- $1,115.05. I spent $1,115.05 registering domains. I could have used GoDaddy and done it a lot cheaper, but I was too stupid and lazy. I registered 55 domains (for example, truemors.net, .de, .biz, truemours, etc, etc). I had no idea that one had to buy so many domains to truly surround the one you use.
A domain name should cost about $10. I don’t want to quibble but I like to wait until a site is a proven success and bringing in revenue before spending a thousand dollars surrounding it.
Kawasaki goes on to say:
$0. I spent $0 on marketing to launch Truemors.
- 24. However, I did spend 24 years of schmoozing and paying it forward to get to the point where I could spend $0 to launch a company. Many bloggers got bent out of shape: The only reason Truemors is getting so much coverage is that it’s Guy’s site. To which my response is, You have a firm grasp of the obvious.
I do understand he’s Guy Kawasaki. And, as he points out, it takes a lot of experience to get to the point where you could spend $0 to launch a company. But it will never be sooner than today, so you might as well start.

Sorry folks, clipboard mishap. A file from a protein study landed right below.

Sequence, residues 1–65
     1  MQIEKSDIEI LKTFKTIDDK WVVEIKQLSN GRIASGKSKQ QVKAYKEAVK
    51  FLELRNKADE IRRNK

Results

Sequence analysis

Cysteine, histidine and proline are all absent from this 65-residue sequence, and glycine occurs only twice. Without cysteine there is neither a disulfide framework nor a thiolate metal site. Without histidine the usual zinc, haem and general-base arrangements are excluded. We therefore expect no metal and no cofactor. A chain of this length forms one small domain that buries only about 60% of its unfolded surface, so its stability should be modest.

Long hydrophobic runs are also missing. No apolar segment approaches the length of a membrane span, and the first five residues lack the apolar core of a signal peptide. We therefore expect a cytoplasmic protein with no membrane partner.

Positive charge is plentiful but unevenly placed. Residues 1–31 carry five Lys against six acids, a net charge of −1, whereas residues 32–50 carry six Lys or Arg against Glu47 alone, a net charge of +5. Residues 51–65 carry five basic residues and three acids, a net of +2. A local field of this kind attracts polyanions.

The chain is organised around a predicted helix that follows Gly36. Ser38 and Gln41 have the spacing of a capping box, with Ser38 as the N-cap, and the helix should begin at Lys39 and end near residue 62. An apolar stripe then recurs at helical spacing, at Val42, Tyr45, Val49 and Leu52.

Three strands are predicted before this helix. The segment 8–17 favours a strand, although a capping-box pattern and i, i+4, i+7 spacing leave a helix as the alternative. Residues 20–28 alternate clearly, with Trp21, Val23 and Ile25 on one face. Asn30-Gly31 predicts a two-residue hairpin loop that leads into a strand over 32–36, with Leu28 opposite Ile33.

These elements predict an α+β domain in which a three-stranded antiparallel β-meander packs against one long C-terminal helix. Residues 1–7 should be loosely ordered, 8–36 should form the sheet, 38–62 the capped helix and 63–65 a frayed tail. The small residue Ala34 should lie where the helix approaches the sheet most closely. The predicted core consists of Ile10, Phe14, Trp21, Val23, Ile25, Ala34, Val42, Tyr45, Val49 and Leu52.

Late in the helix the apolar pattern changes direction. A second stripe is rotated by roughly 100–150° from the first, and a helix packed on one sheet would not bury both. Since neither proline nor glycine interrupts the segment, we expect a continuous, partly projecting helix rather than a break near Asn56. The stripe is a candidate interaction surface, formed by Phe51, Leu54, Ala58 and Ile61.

If you’re known a bit around the web or in your specific field and you put up a good site, you will find your niche and get traffic also.
In concluding, Guy says, in part:
- I learned four lessons launching Truemors:
- There’s really no such thing as bad PR.
- $12,000 goes a very long way these days.
- You can work with a team that is thousands of miles away.
- Life is good for entrepreneurs these days.
I agree. You can do it for much, much less, a couple of hundred bucks perhaps. And definitely, Life is good for entrepreneurs these days.